Calcium for plant health
- Ca helps maintain cell wall structure; a large proportion of the Ca within a plant is located in the cell walls.
- Many parasitic pathogens invade using polygalacturonase enzyme which breaks down part of plant cells. Ca significantly reduces activity of this enzyme.
- Ca concentration controls movement of sugars within plant cells.
- Too much Ca can inhibit activity of important enzymes within plants (balancing with is Mg important).
- Calcium helps maintain correct balance of cations/anions in plant cells and roots:
- If insufficient Ca present in growing medium, root extension stops
- Aids freeze/thaw protection.
- Additionally, calcium regulates various cellular functions; is vital for secretion of mucilage by root caps; and binds pectins during development of a stolon tip into a tuber, i.e. essential for tuberisation in potatoes.
Measuring calcium in soil
There are two main methods for measuring the ‘amount of calcium’ in the soil, but they give different information.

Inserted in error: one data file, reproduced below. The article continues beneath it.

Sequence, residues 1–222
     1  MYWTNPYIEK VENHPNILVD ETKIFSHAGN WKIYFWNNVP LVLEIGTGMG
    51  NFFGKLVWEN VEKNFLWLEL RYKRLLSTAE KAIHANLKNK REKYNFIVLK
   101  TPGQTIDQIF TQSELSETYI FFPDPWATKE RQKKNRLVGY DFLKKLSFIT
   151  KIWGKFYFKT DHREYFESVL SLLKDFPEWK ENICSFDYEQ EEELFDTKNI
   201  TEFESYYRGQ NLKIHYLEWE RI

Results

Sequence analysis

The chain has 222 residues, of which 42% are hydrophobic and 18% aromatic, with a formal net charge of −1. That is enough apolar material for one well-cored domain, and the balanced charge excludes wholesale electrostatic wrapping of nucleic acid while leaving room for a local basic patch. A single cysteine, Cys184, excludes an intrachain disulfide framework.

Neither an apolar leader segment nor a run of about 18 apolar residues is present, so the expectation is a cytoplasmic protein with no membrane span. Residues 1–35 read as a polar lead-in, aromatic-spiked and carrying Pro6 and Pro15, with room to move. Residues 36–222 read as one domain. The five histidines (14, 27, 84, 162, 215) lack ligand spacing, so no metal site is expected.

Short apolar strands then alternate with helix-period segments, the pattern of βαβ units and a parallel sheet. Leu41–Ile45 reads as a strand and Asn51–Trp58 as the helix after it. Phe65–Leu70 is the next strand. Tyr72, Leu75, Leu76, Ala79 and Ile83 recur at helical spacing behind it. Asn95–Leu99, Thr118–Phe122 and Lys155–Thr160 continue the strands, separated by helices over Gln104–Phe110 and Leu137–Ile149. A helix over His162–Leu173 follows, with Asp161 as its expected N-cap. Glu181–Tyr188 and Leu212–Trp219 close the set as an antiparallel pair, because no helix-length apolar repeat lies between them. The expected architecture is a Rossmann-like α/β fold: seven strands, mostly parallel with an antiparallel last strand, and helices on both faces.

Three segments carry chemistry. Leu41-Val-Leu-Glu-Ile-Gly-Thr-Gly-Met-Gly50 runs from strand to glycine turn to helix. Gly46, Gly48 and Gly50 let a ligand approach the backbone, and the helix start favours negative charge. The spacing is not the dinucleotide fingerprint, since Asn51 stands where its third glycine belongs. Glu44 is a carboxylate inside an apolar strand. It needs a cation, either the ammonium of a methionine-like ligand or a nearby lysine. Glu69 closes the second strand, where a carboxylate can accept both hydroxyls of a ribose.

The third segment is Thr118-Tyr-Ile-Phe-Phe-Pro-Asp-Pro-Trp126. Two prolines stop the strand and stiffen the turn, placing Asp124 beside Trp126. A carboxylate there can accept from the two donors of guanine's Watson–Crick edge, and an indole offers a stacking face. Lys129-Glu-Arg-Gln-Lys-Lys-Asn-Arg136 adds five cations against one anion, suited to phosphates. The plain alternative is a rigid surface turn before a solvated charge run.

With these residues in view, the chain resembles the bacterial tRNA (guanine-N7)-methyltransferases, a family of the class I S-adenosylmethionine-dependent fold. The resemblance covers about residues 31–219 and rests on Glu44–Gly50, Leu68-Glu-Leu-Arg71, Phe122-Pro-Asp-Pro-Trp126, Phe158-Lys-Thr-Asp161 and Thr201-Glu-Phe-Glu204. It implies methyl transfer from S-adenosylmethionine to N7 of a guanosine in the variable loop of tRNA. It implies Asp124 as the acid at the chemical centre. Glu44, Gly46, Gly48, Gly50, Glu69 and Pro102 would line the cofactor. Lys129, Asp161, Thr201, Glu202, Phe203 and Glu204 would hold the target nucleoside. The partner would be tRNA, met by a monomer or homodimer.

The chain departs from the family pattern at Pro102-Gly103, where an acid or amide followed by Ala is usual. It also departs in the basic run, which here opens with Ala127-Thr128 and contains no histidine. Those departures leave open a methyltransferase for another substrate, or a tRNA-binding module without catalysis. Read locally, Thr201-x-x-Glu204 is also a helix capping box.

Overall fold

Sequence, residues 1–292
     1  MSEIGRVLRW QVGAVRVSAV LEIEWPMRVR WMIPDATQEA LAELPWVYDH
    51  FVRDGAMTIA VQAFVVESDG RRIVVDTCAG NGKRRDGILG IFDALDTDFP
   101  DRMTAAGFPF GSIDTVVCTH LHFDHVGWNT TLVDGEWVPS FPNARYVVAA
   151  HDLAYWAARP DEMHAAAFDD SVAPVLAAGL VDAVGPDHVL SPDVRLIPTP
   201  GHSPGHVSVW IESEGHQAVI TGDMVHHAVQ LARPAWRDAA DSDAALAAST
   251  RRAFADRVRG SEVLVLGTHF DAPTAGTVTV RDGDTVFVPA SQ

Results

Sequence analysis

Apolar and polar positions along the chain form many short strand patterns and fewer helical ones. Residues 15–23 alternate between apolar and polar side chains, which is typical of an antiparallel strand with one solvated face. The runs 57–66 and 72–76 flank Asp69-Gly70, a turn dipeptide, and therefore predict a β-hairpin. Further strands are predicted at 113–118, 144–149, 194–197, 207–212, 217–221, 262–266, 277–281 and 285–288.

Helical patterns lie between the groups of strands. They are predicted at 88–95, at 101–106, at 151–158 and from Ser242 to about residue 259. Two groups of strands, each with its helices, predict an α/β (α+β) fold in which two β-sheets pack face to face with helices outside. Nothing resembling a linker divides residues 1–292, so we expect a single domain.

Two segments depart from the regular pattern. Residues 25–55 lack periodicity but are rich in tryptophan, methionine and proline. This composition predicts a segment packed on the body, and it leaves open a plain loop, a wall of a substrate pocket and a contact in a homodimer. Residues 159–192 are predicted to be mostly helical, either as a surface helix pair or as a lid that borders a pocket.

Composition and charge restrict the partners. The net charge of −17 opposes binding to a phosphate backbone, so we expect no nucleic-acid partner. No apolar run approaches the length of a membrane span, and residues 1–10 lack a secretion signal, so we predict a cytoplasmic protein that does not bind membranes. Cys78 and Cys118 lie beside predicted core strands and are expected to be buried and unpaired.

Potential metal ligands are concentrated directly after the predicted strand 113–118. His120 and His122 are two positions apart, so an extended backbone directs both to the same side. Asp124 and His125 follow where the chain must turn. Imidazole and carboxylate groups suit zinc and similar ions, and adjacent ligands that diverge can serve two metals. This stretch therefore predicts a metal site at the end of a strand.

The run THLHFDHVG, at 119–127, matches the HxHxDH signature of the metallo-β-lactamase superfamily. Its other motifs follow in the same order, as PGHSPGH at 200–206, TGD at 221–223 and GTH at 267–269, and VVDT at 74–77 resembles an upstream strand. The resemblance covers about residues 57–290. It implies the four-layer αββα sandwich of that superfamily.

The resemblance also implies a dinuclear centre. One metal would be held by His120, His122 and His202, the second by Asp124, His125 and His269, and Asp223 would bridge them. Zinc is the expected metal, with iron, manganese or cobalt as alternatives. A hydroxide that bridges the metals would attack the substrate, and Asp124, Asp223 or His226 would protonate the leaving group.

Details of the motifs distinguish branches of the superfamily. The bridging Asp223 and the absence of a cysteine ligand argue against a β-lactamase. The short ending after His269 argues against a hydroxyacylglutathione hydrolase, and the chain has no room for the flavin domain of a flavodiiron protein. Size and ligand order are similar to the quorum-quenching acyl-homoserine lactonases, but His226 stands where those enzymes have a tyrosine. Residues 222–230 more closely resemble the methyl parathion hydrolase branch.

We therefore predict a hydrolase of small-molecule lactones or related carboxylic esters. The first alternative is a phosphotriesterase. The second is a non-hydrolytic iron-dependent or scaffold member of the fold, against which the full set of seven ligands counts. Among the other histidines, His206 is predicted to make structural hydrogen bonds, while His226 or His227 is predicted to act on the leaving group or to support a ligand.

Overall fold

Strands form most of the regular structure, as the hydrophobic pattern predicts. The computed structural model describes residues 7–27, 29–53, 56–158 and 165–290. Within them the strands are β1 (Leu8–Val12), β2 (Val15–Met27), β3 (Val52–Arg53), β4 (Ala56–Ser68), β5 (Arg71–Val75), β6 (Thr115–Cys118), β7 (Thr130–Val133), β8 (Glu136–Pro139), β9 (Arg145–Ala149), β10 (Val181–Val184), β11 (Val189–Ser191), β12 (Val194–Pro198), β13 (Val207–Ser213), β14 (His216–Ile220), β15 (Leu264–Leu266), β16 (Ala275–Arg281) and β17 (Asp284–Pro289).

Exchangeable calcium content
- This is the standard measurement used by the labs if asked for ‘calcium’.
- Approximation of plant available Ca2+.
- Expressed as mg (Ca2+) / L (air dried soil) (can also be expressed as ppm but NOT equivalent to mg/kg).
Mineral carbonate content
- Expressed as CaCO3 % w/w of air dry soil.
- Cannot be used if soil has been limed within previous 3 months.
- Sample is sieved to < 2 mm before analysis so any large lumps of chalk are NOT accounted for.
- The definition of ‘calcareous’ depends on CaCO3 content, not Ca2+ (CaCo3 may be measured as a percentage or as ppm):
Types of calcium fertiliser
- Calcium carbonate (CaCO3) or dolomite (Ca∙Mg(CO3)2 or CaCO3∙MgCO3)
- Mostly insoluble in water, become more soluble in acidic conditions
- Availability of Ca from chalk is low
- Raise soil pH and therefore can reduce Al toxicity
- Calcium sulphate: CaSO4
- Can be used to improve stucture of soils which are ‘tight’ due to too high Mg/Ca ratio
- 100 times more soluble than CaCO3
- Does not change soil pH
- Useful for treating soils with too high sodium content (e.g. after flooding with saline water)
- Calcium ammonium nitrate
- Ammonium nitrate is enriched with lime to produce CAN
- May also contain Mg depending on source of lime
- Calcium nitrate
- Solid: 5 Ca(NO3)2∙ NH4NO3 ∙10 H2O
- Liquid: Ca(NO3)2∙ 4 H2O
- Does not acidify soils
- Very soluble
- Single superphosphate (SSP)
- Ca(H2PO4)2 [monocalcium phosphate or TSP] + 2 CaSO4 [gypsum]
- Supplies Ca, P and S readily available
- Triple superphosphate (TSP)
- Ca(H2PO4)2 ∙ H2O
- Supplies Ca, high P content (no S; contrast to SSP)
Calcium and magnesium 2018 (Roles of calcium and magnesium in soil structure and availability in different fertilisers)